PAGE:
Outline of logic

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Logic is the formal science of using reason and is considered a branch of both philosophy and mathematics and to a lesser extent computer science. Logic investigates and classifies the structure of statements and arguments, both through the study of formal systems of inference and the study of arguments in natural language. The scope of logic can therefore be very large, ranging from core topics such as the study of fallacies and paradoxes, to specialized analyses of reasoning such as probability, correct reasoning, and arguments involving causality. One of the aims of logic is to identify the correct (or valid) and incorrect (or fallacious) inferences. Logicians study the criteria for the evaluation of arguments.

Foundations of logic[edit]

Philosophy of logic

Branches of logic[edit]

Philosophical logic[edit]

Informal logic and critical thinking[edit]

Informal logic Critical thinking Argumentation theory

Deductive reasoning[edit]

Theories of deduction[edit]


  • Fallacy  (list) – incorrect argumentation in reasoning resulting in a misconception or presumption. By accident or design, fallacies may exploit emotional triggers in the listener or interlocutor (appeal to emotion), or take advantage of social relationships between people (e.g. argument from authority). Fallacious arguments are often structured using rhetorical patterns that obscure any logical argument. Fallacies can be used to win arguments regardless of the merits. There are dozens of types of fallacies.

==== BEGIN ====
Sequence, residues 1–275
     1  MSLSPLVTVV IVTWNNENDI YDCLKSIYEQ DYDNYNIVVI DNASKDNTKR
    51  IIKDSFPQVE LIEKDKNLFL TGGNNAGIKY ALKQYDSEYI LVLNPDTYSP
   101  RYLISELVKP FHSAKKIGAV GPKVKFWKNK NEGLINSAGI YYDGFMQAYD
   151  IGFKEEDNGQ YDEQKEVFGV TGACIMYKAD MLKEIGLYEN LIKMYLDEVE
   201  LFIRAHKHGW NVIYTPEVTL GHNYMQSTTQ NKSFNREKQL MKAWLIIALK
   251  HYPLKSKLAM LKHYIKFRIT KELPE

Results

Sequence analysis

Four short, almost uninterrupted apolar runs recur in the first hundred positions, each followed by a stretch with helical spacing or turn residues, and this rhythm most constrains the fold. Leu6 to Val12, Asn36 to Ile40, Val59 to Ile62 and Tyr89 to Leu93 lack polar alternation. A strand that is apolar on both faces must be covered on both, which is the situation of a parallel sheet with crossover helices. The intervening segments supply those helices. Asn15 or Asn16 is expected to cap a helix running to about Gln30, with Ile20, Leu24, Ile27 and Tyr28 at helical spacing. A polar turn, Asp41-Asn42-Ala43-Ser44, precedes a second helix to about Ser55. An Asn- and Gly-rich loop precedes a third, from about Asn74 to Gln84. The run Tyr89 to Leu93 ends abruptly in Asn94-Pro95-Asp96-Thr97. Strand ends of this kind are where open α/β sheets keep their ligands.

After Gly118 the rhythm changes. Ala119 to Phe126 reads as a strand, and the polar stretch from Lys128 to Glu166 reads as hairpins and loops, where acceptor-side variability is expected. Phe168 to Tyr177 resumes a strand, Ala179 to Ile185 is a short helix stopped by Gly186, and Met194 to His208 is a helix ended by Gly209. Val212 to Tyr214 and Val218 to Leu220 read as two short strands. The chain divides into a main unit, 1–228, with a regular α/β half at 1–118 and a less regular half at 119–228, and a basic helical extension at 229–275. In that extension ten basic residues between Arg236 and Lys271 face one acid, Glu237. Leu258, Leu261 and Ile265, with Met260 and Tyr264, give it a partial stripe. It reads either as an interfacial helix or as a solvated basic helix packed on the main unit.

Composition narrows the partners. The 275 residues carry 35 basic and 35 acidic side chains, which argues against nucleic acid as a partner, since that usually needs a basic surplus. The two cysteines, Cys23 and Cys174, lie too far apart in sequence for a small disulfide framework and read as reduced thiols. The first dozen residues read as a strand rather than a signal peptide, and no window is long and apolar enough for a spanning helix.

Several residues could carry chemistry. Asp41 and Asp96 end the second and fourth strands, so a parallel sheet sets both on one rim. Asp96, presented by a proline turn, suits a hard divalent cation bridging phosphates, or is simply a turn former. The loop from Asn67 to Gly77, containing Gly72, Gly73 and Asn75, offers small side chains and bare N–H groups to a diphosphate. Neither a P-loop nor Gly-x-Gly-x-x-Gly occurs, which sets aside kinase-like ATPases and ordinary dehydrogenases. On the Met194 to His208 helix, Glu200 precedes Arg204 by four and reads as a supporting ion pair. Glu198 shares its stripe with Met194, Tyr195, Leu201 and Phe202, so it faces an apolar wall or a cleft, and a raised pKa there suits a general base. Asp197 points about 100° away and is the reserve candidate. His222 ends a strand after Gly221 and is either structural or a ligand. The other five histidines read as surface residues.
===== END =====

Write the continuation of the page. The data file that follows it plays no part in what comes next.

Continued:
Formal logic[edit]

Symbols and strings of symbols[edit]

Logical symbols[edit]

Logical connectives[edit]

Logical connective

Strings of symbols[edit]

Types of propositions[edit]


Rules of inference[edit]

Rule of inference  (list)

Formal theories[edit]

Expressions in a metalanguage[edit]


Propositional and boolean logic[edit]

Propositional logic[edit]

Propositional logic

Boolean logic[edit]

Predicate logic and relations[edit]

Predicate logic[edit]

Predicate logic


Mathematical relation

Mathematical logic[edit]

Mathematical logic

Set theory[edit]

Set theory  (list)


Metalogic – The study of the metatheory of logic.

Proof theory[edit]

Proof theory – The study of deductive apparatus.

Model theory[edit]

Model theory – The study of interpretation of formal systems.

Computability theory[edit]

Computability theory – branch of mathematical logic that originated in the 1930s with the study of computable functions and Turing degrees. The field has grown to include the study of generalized computability and definability. The basic questions addressed by recursion theory are "What does it mean for a function from the natural numbers to themselves to be computable?" and "How can noncomputable functions be classified into a hierarchy based on their level of noncomputability?". The answers to these questions have led to a rich theory that is still being actively researched.

Semantics of natural language[edit]

Formal semantics (natural language)

Classical logic[edit]

Classical logic

Modal logic[edit]

Modal logic

Non-classical logic[edit]

Non-classical logic

Concepts of logic[edit]

Mathematical logic

History of logic[edit]

History of logic

Literature about logic[edit]



Logic organizations[edit]


See also[edit]

External links[edit]